How to cope with student life

Explains how having a mental health problem can impact upon being a student, and suggests ways of coping and where to go for support.

Your stories

Coping with depression at university

Helen blogs about the challenges of getting a university degree while struggling with depression.

Posted on 17/02/2015

My university life with anxiety

Kerrie blogs about how her anxiety impacts her university life and her decision to live off campus.

Kerrie Wilkinson
Posted on 23/09/2015

Talking about anxiety at university

Emmie blogs about her experiences of managing relationships and anxiety whilst at university.

Emma Togneri
Posted on 24/09/2014

What if I become unwell?

If you become unwell, there are lots of options you can consider. This page covers:

See our pages on support for students, seeking help for your mental health, and crisis services for more information about getting help for your mental health.

Who can I talk to about my options?

It may be helpful to have a chat with someone impartial about your options, even if just to help get it clear in your own mind about what you think would help.

  • Your academic supervisor or tutor should be able to help you to understand your university's policy for taking time out and to consider how you could take a more flexible approach to your studies.
  • Your Students' Union advice service or welfare office can provide impartial advice.
  • Your university's disability service can support you to think about taking time out or taking a more flexible approach to your studies.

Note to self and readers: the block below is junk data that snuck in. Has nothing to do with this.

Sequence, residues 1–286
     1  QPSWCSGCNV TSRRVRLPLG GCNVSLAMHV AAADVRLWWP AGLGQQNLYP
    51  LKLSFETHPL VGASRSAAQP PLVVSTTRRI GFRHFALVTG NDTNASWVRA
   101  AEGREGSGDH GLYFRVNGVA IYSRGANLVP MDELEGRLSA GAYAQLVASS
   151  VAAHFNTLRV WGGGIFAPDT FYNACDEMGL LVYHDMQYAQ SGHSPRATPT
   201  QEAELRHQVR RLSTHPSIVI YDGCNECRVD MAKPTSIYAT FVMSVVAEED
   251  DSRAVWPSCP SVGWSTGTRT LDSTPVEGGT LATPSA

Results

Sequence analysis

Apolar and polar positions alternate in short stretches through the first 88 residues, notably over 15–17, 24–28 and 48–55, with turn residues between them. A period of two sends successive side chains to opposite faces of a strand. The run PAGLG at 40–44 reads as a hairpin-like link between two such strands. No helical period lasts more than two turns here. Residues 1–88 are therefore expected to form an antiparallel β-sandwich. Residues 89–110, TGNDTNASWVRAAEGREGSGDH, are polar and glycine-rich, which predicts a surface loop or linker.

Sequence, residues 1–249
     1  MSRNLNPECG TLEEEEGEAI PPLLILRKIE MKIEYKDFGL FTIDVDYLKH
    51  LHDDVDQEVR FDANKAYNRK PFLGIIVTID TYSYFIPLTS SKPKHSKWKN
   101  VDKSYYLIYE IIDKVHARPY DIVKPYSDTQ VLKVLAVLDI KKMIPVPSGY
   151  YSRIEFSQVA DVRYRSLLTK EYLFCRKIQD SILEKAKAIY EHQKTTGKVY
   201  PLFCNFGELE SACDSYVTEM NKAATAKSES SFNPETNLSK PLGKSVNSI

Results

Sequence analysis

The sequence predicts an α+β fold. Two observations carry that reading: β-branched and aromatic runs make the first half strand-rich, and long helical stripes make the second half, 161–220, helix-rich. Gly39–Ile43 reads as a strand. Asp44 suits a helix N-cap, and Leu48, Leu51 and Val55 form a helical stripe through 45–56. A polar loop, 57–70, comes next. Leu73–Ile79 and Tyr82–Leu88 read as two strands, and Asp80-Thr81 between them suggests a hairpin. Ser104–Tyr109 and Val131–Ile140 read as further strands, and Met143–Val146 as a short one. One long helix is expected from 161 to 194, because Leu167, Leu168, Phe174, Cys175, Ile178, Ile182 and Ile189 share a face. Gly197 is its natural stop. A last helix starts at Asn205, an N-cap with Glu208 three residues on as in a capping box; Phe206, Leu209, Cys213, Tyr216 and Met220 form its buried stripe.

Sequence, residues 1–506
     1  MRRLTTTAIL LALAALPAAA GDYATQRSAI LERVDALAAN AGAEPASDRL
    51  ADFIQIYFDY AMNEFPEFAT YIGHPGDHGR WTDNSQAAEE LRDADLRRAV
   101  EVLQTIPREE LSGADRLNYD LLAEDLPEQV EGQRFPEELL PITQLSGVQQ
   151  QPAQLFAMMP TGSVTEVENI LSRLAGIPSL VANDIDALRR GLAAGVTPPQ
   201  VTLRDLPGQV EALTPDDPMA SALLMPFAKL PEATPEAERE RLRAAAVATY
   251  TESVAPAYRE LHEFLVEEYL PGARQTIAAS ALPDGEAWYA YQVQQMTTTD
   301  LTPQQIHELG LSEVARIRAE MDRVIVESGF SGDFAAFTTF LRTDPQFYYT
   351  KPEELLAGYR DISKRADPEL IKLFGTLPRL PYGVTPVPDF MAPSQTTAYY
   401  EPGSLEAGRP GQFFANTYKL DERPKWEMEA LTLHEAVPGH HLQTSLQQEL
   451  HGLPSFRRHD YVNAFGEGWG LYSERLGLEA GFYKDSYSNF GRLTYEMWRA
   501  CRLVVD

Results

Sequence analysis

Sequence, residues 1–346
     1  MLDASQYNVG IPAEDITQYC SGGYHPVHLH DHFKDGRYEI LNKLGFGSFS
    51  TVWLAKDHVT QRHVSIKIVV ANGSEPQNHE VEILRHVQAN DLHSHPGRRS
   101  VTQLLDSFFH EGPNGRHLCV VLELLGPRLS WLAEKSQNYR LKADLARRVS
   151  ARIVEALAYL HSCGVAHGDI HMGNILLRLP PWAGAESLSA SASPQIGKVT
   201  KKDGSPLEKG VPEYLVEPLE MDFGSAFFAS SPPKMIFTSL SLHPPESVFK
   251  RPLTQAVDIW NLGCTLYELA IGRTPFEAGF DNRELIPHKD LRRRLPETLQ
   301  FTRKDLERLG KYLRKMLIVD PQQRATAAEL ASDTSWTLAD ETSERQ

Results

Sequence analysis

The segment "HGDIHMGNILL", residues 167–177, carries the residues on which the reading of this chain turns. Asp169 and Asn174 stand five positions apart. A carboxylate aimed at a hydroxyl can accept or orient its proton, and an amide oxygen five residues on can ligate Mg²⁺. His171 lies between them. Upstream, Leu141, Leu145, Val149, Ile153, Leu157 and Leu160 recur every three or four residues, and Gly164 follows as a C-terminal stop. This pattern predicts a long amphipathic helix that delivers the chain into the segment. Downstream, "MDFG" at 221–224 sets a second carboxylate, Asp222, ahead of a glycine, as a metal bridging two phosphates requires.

Support on your course

If you do become unwell, it's important for you (or someone you trust) to explain the situation to your academic supervisor or tutor as soon as possible. Even if you have previously explained that you have a mental health problem, they may not be aware that you're feeling worse. The sooner you let them know, the easier it is for them to help you get support with your academic work.

You may be able to:

  • receive special dispensation when your work is marked
  • extend deadlines
  • re-sit exams

Take time out from your course

Each university is different in the way it approaches taking time off from studying. It may be possible to:

  • defer the course for a time
  • repeat a term or year

Your university may need a letter from your doctor to explain how your mental health is affecting your studies.

Take a flexible approach to studying

Your university might be able to make adjustments to how you study. For example, you may be able to:

  • complete your degree part-time
  • have longer deadlines for coursework
  • get more time in exams

It may help to start by thinking about what you would need to make it easier to continue your studies.

Think about alternatives

You might feel that continuing your course isn't right for you, and that's okay. It could be useful to think about some alternatives:

  • trying a different course or location (see our page on choosing your course for things to consider when choosing a course)
  • studying a vocational course or apprenticeship
  • taking a gap year
  • starting work

Not Going To Uni has advice and information about alternatives to university.

This information was published in February 2016. We will revise it in 2019.



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